Boss Man hits Koko with the nightstick post match.
Survivor Series ad. Again.
Ultimate Warrior celebrates in the back and talks about it being like a comic book tonight. He’ll be on the next spaceship to Parts Unknown.
Jake Roberts vs. Hercules
Jake goes for the snake but it’s merely a ploy to get in some quick right hands. A knee lift puts Herc down but Jake can’t hook the DDT. Instead it’s a headlock and Hercules can’t even break it with a belly to back suplex. Herc escapes and drops some elbows for no cover. Off to a chinlock on the Snake as Graham says you can use this to talk to your opponent. In non-announcer speak: it’s a nice way to call spots. A lot of spots could be called here as Herc keeps the hold on for well over a minute.
Jake finally fights up and tries a hammerlock but gets elbowed in the face for his efforts. Roberts pulls Herc from the apron to the floor, only to have his neck snapped across the top rope as Hercules comes back in. We hit the chinlock again but Jake immediately jawbreaks his way out of it. The short clothesline looks to set up the DDT but Hercules backdrops out of it. Herc drops an elbow for two but Jake slips out of a slam and knocks Hercules out lukewarm with the DDT for the pin.
Rating: C-. The match was nothing special but it certainly wasn’t bad. The DDT looked great and the fans went nuts for it so you can’t say they didn’t get what they wanted. Hercules was fine for a role like this as he was strong enough to be a threat to anyone but rarely won anything. Decent little match here actually.
We recap the buildup to the main event. Andre seemed to be challenging Savage for a world title shot but DiBiase jumped Randy from behind, allowing Andre to choke Savage down. The Mega Bucks challenged Savage to a tag match which Savage accepted, saying that he would announce his partner later. If you didn’t know who that was from a mile away, you fail as a wrestling fan. Jesse Ventura, long time Hogan hater, is guest referee for no apparent reason. Andre intimidated Jesse and DiBiase paid Jesse off so the fix is in.
Mega Powers vs. Mega Bucks
Jesse sends all three managers (Virgil, Heenan and Liz) to the floor but not to the back. He also makes the teams change corners for no apparent reason. Savage gets to fight Andre to start but it’s quickly off to DiBiase. He wants Hogan and gets both Hulk and an atomic drop into a right hand from Savage. Hogan pounds DiBiase as well and it’s off to Savage for some double elbows. A top rope ax handle gets two for Savage off a slow count from Ventura.
Andre comes in to beat Hogan down but Jesse is with Liz. Now the Giant comes in legally and sits on Hogan’s chest a few times before putting on a nerve hold. With DiBiase coming in sans tag, Andre chokes away with his singlet. Ted comes in legally for a near fall off a clothesline before dropping those trademark fists of his. Off to a chinlock which Gorilla swears is a choke. Hogan finally elbows his way out of the hold but a double clothesline puts both guys down.
The hot tag brings in Savage to pound away on DiBiase with right hands and a backdrop. A top rope ax handle puts DiBiase down again but Ted rams him into the top turnbuckle to change momentum again. DiBiase clotheslines Savage down and it’s off to Giant again. Andre sits on Savage in the corner which is a lot more devastating than it sounds. Back to DiBiase who gets two off a suplex. Ted goes up for a middle rope elbow, but Savage uses all of his flying elbow experience and rolls away.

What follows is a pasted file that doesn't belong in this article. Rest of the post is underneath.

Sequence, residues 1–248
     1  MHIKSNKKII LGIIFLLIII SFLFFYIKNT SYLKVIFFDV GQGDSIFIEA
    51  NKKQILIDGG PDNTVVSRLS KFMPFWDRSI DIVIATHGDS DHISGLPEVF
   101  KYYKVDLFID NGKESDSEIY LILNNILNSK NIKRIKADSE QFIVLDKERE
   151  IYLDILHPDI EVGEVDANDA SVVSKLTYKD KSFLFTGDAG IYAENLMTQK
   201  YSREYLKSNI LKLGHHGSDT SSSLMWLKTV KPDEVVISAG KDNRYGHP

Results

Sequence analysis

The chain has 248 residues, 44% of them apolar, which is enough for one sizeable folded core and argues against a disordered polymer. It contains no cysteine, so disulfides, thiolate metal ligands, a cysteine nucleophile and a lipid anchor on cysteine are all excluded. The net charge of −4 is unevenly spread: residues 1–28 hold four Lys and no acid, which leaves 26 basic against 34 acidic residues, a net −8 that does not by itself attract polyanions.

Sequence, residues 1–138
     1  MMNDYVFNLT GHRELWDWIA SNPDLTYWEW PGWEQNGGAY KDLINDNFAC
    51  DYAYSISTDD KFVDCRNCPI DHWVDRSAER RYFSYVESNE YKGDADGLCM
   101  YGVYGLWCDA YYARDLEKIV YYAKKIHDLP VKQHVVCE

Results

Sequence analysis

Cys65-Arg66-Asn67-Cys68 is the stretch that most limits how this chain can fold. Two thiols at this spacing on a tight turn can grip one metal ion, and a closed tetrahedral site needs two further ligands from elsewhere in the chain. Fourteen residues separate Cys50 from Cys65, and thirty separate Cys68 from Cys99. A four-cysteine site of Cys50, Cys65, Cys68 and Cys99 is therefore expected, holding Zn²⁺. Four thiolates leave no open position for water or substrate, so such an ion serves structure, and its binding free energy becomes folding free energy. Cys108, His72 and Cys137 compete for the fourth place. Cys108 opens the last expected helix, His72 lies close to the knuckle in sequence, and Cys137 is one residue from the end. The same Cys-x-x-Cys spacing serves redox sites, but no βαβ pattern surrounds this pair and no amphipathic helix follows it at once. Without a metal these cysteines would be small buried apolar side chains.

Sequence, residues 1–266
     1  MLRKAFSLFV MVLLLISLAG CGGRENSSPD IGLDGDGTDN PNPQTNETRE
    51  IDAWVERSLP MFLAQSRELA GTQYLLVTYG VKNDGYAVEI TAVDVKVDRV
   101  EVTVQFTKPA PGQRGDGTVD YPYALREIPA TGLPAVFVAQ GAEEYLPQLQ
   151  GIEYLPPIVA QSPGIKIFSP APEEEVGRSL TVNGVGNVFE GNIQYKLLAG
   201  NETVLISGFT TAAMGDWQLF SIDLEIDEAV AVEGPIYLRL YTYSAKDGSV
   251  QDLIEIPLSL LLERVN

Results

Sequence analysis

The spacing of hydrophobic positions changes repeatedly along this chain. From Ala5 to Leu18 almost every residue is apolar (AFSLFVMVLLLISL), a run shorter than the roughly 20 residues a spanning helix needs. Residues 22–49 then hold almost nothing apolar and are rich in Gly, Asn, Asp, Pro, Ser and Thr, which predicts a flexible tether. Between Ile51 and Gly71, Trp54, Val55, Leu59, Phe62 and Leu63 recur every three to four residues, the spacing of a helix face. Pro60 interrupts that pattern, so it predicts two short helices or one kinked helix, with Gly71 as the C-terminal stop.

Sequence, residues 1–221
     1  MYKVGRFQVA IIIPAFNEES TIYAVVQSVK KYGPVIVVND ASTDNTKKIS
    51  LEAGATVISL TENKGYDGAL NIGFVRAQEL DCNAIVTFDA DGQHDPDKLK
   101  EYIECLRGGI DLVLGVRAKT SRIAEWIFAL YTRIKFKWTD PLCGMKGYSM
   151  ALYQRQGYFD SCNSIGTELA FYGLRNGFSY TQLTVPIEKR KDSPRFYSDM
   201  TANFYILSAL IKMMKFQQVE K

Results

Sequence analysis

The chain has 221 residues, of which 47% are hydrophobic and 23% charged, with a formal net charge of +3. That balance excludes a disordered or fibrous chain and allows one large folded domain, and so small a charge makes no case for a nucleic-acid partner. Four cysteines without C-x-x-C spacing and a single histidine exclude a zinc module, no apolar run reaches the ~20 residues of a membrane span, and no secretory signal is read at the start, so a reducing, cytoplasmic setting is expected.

Hulk comes in again off the real hot tag and cleans house on both Mega Bucks but Savage jumps into Andre’s boot. Hogan puts DiBiase in a sleeper but Andre makes the save with some headbutts. The Mega Powers are down, but Liz gets on the apron and in the most famous part of the match, takes off her skirt to reveal a bikini bottom and some nice legs. The distraction lets the Mega Powers do their big handshake and Hulk Up as one. A top rope ax handle to Andre, a flying elbow and legdrop to DiBiase later and things are pretty much done. Jesse only counts two, so Savage has to shove his hand down for the three.
Rating: B-. Much like the original Wrestlemania main event, there isn’t much to see here but it’s a fun match. It gave the fans exactly what they wanted and the Liz bit was a big surprise as she NEVER did anything sexual up to that point and rarely did after. Hogan and Savage were obviously going to win, but that doesn’t mean it wasn’t a fun moment and a decent main event.
Hogan lifts Liz (who remember is rather scantily clad here) onto Savage’s shoulder for the post match celebration. Savage gives him a look that says “Dude, NOT COOL!” You could see the seeds being planted even back then.
Overall Rating: D+. This is more of the start of a historical series than a good show itself. The only things people remember are Liz’s legs and a thirty second squash and it’s really not surprising. The rest of the show is a bunch of boring matches with nothing of note to them at all. It’s certainly not a terrible show as there are some good tag matches and some decent singles matches, but nothing on here is must see television and nothing is really significant. For a big house show though, not too bad.
Remember to follow me on Twitter @kbreviews and pick up the Complete 2002 Monday Night Raw Reviews in either E-Book or Paperback. Check out the information here:
And check out my Amazon author page with cheap wrestling books at: